This image perfectly captures the "drama" and Costners character in "Draft Day."
“Draft Day” is an odd movie; not because it’s thought provoking or unique but because I’m not exactly sure why it was made in the first place. It’s clearly a love letter to the NFL but specifically a love letter to the Cleveland Browns. The story revolves around the 2014 NFL draft and the Browns are trying to transform themselves into a better team.
So O.K, am I supposed to care about whether the Cleveland Browns turn themselves around? I’ll admit I’m not really an NFL fan but will non Cleveland Browns fans care whether they transform themselves? And anyway, if the movie is done well enough, if the story is engaging and the characters compelling then it shouldn’t make a difference if I’m an NFL fan or not. The trouble is, “Draft Day” isn’t done well, it’s not awful by any means but it’s rather bland and tells a predictable, slightly corny story that’s ultimately about going with your gut.
Kevin Costner stars as Browns’ General Manager Sonny Weaver Jr. The NFL draft is drawing near and he finds himself under a lot of pressure. If he doesn’t make the right decisions then he could be fired. One day he gets a call--I’d say about 80% of the movie is phone calls-- from the GM for the Seattle Seahawks, which have the first pick of the draft at the moment, offering to make a deal: Sonny can have the first pick and the projected number one draft pick Bo Callahan (Josh Pence) in exchange for relinquishing future first draft picks.
It’s a tough decision but Sonny goes for it because it could mean improvement for the team. But does Sonny really think Callahan is the best pick? Or should he go with other aspiring NFL players like Vontane Mack (Chadwick Bosman)? And so goes “Draft Day,” a movie full of, heated exchanges between Sonny and other members of the Browns’ staff like the owner played by Frank Langella, and last minute deals with other teams and second guessing. Oh so much second-guessing! Practically all of Costner’s performance is giving in to peer pressure and flipping back and forth between decisions.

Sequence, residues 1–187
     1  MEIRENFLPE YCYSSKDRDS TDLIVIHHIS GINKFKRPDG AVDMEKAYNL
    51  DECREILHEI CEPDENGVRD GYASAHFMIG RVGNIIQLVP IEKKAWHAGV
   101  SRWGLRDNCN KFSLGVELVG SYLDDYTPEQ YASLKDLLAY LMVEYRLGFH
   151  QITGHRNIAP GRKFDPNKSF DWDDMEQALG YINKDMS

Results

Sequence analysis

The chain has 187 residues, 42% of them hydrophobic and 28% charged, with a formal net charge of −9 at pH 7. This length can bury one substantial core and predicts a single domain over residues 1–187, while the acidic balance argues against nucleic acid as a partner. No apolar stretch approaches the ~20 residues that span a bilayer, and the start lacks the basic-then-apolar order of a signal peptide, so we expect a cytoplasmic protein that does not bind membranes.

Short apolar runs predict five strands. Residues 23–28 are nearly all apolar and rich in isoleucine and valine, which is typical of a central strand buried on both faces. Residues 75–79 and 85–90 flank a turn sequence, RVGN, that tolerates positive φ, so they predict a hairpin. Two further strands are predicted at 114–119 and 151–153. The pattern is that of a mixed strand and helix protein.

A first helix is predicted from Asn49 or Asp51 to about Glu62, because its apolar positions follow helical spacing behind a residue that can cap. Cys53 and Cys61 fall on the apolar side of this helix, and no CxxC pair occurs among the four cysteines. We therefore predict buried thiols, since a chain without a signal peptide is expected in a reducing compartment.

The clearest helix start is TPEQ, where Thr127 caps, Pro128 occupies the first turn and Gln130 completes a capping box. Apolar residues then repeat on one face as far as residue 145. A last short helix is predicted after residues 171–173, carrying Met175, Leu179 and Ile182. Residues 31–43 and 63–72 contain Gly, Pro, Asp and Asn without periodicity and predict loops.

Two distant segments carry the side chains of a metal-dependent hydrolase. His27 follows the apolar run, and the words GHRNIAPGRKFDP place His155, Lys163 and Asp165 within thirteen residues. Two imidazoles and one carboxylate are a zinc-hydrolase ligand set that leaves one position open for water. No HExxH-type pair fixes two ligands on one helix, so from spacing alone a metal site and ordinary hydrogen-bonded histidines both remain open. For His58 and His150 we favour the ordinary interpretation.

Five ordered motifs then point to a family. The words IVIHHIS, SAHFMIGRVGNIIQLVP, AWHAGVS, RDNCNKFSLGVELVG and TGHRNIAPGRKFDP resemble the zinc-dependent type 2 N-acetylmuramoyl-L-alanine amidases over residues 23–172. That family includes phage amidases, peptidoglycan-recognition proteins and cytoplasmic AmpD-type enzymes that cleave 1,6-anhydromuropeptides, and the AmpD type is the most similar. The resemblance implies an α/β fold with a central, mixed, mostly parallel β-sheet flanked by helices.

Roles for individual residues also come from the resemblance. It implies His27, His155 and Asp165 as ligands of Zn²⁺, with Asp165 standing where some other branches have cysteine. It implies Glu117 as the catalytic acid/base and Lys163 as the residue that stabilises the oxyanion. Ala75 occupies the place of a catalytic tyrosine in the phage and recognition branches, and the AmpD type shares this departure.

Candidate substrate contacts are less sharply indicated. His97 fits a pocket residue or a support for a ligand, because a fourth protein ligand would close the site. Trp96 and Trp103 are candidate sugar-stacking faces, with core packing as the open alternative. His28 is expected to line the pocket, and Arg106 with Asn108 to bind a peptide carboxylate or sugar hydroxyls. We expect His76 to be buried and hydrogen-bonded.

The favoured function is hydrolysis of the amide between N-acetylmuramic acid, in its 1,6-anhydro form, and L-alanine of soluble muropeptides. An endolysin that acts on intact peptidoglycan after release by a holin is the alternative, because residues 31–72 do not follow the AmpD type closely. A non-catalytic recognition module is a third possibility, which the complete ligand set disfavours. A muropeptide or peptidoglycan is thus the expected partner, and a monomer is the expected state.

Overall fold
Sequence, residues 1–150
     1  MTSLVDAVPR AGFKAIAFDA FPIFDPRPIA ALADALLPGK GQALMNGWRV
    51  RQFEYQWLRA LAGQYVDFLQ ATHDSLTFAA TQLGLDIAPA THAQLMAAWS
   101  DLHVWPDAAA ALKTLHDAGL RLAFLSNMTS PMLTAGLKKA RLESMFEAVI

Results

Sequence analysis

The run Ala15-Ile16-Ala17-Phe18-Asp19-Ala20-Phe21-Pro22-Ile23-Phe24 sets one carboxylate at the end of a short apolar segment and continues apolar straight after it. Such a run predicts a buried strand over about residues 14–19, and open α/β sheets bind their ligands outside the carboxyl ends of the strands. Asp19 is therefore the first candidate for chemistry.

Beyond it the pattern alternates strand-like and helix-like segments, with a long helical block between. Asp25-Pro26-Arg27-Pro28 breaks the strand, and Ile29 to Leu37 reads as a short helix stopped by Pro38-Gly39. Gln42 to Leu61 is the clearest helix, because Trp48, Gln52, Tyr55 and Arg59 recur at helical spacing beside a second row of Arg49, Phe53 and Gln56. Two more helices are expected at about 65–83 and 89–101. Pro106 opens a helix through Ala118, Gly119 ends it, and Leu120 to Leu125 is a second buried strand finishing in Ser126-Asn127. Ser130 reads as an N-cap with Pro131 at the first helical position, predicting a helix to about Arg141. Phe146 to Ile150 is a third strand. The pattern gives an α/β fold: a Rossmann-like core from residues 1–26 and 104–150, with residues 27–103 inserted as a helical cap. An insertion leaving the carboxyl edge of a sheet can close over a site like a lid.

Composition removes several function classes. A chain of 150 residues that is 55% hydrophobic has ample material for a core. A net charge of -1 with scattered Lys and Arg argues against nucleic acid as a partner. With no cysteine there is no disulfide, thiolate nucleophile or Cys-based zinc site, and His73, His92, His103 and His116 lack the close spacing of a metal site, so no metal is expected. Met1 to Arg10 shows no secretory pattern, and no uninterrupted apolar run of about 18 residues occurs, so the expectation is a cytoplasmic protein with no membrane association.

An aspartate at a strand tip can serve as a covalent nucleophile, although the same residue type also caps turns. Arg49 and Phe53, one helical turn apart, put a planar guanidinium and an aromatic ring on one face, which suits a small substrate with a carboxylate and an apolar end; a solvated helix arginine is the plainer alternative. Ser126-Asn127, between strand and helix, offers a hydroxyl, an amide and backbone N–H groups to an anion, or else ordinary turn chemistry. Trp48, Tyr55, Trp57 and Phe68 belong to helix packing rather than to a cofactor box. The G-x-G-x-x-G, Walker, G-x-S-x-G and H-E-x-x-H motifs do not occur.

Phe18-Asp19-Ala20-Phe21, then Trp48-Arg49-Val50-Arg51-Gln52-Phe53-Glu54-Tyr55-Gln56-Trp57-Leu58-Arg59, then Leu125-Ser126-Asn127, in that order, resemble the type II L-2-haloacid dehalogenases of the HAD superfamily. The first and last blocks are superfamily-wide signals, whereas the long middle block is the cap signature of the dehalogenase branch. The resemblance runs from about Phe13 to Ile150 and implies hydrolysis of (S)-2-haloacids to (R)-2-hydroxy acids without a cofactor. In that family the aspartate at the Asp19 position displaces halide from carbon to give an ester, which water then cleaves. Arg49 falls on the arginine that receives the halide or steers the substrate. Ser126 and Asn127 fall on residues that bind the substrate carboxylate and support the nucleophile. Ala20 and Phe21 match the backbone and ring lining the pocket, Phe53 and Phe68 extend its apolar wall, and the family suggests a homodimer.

As I said before, “Draft Day” isn’t terrible and it sheds light on an aspect of football that we don’t normally see in football movies. There’s clearly a lot of stress and strategy involved in the NFL draft but the movie doesn’t really give the audience much reason to care about any of it. The screenplay by Rajiv Joseph and Scott Rothman gets bogged down in a lot of dry facts and stats concerning college players. “Moneyball” gave us a reason to care about how baseball players were selected and traded by depicting a fascinating and entertaining tension between the old-timer scouts who believed in picking players using their gut and the younger fellows who wanted to use computer programs to select players. “Draft Day” doesn’t have much tension, as it really just comes down to what Sonny thinks is the best move. If you know how a draft works than it’s not very exciting stuff and if you don’t know how a draft works than it’s even less exciting.
And for all of the last minute deals that are made and the various attempts at drama, “Draft Day” offers very few surprises. The story progresses exactly how you’d expect it to and you can see Sonny’s final decision coming from a mile away.
Costner gives a perfectly average performance, again not bad but also not all that captivating. In fact that’s a good way to describe the entire movie. The picture seems to be lacking in energy, with everyone involved not giving you much reason to care about what’s happening. As directed by veteran comedy director Ivan Reitman (“Ghostbusters”) the film contains a few chuckle worthy moments but overall the attempts at humor feel restrained, probably due to the film’s PG-13 rating. Even when actors like Ellen Burstyn—as Sonny’s feisty mother—and Dennis Leary—as the Browns’ jerk head coach who’s at odds with Sonny for practically the entire film—show up they seem like they’re holding back. Only once near the end when Costner calls the Seahawks GM a “pancake eating motherf---er“ does the movie and Costner’s performance breathe any kind of real life.
Ultimately I’m still not sure whom “Draft Day” is for. Non football fans won’t like it and I have a hard time believing hardcore football fans would want to see a watered down dramatization of the NFL draft, especially if they’re not Cleveland fans, or even Seahawk fans. “Draft Day” isn’t very compelling, exciting or funny, it just sort of sits there, frozen in movie purgatory, lacking in purpose.